A four point insurance inspection will be required by an insurance company for the purpose of obtaining a new insurance policy or renewing an existing policy.   A Four-Point Insurance Inspection is far less in scope than a standard home inspection.  It covers the information the insurance companies require on the four components that cause damage to a home when they fail. 


The Four Point Insurance Inspection is a limited, visual survey of the heating/air conditioning, roof, electrical and plumbing systems.  The purpose of the four point is to collect information for the insurance company about the systems age and condition and to note any safety concerns of these systems.

Insulation is one of many important systems not covered by a 4 Point Insurance Inspection.
A Home Inspection is a comprehensive snapshot of a house on the day of the inspection. It is a non-invasive, visual, and detailed evaluation of the property's structure, foundation or basement, interior, exterior, roof, electrical, plumbing and heating and cooling systems. The purpose of a home inspection is to detect major visible problems or defects and unsafe conditions.

The home inspection is used to assist a client in making a more informed purchasing decision.  It is often required by the finance or mortgage lender for the purchase of the home.  The inspector may also educate the buyer as to typical life expectancies, items to budget for replacement as well as how to take care of and maintain the property.

A four point inspection takes about an hour to complete and only covers four of the many systems of a house.  The home inspection takes many more hours to complete and is a considerably more detailed examination of the entire home and all of its accessible components.

It is the opinion; of this home inspector, that conducting a four point inspection for the purpose of purchasing a home is much the same as sending a $40,000 dollar second-hand car to the mechanic to inspect the tires prior to purchase.  The mechanic has the knowledge to tell you everything about the car and its systems but if you only ask him to check the tires, that’s all you’re going to get.  Much the same with the home inspection if you opt to only have a four point inspection, that is all the information you will get and you are waving your right to a home inspection.




Frank Carr is the Owner / Inspector at First Choice Home Inspections in Deltona, FL serving Volusia, Seminole, Orange and Lake Counties.  Formerly in the building trades, Frank’s focus is a safe home and building FCHI. We believe that consumers have the right to expect the highest standards of thoroughness, fairness and effectiveness from their home inspector and that is exactly what we provide.
First Choice Home Inspections 
(386) 624-3893
Email:  home.inspections@aol.com
Website:  Http://www.1homeinspector.com

Saturday, August 3, 2013

What time is best for a home inspection?

Why is it not a good idea to schedule a summer home inspection in the afternoon?

There are many systems in the attic that require detailed investigation for a home inspection report.  The systems of the attic are trusses/rafters, sheathing, HVAC and exhaust duct work, electrical, insulation, ventilation, plumbing and in some cases HVAC components, chimneys and hot water heaters.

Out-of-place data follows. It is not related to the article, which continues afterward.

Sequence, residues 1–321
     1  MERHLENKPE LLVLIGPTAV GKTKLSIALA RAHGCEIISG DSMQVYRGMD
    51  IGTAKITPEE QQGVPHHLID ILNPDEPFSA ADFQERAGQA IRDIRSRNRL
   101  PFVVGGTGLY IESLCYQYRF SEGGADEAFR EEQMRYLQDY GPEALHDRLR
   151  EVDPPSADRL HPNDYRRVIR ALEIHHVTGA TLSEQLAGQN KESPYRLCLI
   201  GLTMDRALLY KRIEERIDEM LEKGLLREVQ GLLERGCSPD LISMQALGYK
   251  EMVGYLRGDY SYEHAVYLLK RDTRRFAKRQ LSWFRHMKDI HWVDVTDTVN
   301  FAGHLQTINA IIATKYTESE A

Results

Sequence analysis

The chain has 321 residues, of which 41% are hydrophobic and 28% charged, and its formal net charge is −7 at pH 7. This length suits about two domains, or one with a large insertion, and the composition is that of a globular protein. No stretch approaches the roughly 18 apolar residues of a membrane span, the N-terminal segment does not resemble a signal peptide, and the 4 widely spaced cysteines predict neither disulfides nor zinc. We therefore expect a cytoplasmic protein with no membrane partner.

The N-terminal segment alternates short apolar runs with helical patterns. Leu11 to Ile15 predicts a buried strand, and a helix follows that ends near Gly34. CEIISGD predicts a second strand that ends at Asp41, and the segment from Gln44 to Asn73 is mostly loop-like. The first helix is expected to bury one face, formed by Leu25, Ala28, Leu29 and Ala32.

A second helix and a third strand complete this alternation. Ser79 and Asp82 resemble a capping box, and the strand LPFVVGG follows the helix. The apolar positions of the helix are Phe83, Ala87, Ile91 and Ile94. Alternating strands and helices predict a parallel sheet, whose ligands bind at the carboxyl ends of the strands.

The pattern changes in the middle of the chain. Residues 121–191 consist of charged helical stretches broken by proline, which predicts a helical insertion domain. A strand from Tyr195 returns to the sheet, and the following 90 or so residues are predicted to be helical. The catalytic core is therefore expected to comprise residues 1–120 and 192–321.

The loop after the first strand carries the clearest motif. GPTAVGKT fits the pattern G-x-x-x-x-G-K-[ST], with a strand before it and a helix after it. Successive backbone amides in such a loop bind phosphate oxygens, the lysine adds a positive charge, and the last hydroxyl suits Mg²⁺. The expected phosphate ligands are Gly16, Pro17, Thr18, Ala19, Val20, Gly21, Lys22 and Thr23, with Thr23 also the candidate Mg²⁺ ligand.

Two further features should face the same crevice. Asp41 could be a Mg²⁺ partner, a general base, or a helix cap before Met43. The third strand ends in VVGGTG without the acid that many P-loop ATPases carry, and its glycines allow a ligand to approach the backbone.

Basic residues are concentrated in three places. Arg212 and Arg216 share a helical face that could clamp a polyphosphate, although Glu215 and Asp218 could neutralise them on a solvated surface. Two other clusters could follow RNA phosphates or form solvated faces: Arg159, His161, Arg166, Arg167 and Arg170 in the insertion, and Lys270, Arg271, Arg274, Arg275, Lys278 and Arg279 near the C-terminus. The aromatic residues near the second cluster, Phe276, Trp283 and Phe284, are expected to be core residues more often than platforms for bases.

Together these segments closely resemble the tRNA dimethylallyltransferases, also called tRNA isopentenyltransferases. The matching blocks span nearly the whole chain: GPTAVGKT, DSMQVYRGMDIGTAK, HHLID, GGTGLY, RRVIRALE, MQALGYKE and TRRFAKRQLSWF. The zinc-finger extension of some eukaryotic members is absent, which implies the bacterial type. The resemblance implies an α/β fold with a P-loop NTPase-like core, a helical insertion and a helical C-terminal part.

The plain and simple answer is the attic temperatures in Southern and even Northern states can reach extreme temperatures of 140 to 165 degrees Fahrenheit or even higher.  If you are paying for a home inspection and schedule your inspection for the afternoon; you will, most likely, not be getting a thorough inspection.  According to most state standards of practice(SOP) a home inspector does not have to enter the attic if the temperature in their opinion is extreme and dangerous to the inspector.

ASHI SOP
F.  Inspectors are NOT required to:
1.  Perform any procedure or operation that will, in the opinion of the inspector, likely be
dangerous to the inspector or other persons or damage the property or its systems or
components.


NAHI SOP
1.13 The inspector shall report on any system and component included in these standards of practice which were present at the time of the home inspection but were not inspected and provide the reason they were not inspected.

2.10 The inspector is not required to enter any premises that visibly shows a physical threat to the safety of the home inspector or others nor inspect any area or component that poses a danger to the inspector or others.

InterNachi SOP
III. The inspector is not required to:
C.  enter or access any area that may, in the opinion of the inspector, be unsafe.
F.  do anything which may, in the inspector's opinion, be unsafe or dangerous to the inspector or others, or damage property, such as, but not limited to:  walking on roof surfaces, climbing ladders, entering attic spaces, or negotiating with pets.
IV. The inspector is not required to:
A.  enter the attic or any unfinished spaces that are not readily accessible, or where entry could cause damage or, in the inspector's opinion, pose a safety hazard.

It is the general opinion of the national associations and many of the states, that it is dangerous to the inspectors health to be exposed to extreme heat for prolonged periods of time.  Rules have been drafted into the SOP of each to protect the inspector and the buyer during the inspection process.